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High-Performance Peer-to-Peer Overlays

Emin Gun Sirer
Cornell University

Monday, May 1, 2006
JEC 3117 - 4:00 p.m. to 5:00 p.m.
Refreshments at 3:30 p.m.


In this talk, I will describe a new approach for building distributed systems with strong performance and resource usage guarantees. The critical insight behind this work is to formalize the core tradeoffs in distributed systems as a mathematical optimization problem. We can then achieve high performance in the presence of limited resources by minimizing a targeted performance function subject to constraints in a distributed fashion.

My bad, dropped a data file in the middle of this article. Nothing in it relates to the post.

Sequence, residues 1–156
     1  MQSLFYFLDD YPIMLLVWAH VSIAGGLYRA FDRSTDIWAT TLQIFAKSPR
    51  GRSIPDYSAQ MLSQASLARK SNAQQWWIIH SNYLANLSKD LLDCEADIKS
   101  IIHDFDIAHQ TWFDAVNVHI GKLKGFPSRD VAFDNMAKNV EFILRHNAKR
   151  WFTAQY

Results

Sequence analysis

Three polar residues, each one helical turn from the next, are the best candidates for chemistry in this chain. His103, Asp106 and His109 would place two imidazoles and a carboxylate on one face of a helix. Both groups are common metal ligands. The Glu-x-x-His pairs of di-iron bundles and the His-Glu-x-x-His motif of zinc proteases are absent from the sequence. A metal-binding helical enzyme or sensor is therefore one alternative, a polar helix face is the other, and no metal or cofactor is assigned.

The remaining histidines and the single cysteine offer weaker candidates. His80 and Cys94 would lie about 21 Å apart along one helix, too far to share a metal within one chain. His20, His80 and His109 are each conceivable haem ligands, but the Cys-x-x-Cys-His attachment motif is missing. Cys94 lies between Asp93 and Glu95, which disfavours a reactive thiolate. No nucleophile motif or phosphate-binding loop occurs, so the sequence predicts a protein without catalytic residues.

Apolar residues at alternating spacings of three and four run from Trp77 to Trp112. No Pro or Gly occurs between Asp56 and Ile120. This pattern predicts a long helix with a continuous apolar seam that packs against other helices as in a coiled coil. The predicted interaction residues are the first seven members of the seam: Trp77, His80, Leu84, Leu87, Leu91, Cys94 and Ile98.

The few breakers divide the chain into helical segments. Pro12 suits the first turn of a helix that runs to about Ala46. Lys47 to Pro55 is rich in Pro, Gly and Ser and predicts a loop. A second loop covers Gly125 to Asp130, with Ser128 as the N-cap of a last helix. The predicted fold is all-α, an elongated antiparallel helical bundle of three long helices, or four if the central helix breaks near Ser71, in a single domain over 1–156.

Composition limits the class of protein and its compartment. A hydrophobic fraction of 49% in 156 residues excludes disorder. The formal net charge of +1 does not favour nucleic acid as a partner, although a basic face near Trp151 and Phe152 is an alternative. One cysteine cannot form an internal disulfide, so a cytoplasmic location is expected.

The talk will outline this new approach and describe how we recently applied it to build three peer-to-peer systems: CoDoNS, a replacement for DNS, CobWeb, an open-access content distribution network like Akamai, and Corona, an RSS-like system for disseminating Web micronews. All three systems have been deployed on PlanetLab, and either guarantee near-optimal lookup/update performance subject to bandwidth constraints or achieve a targeted level of lookup/update performance while minimizing bandwidth and storage costs. Overall, this approach represents a novel way to building large-scale distributed systems that contrasts with past systems based on ad hoc heuristics.

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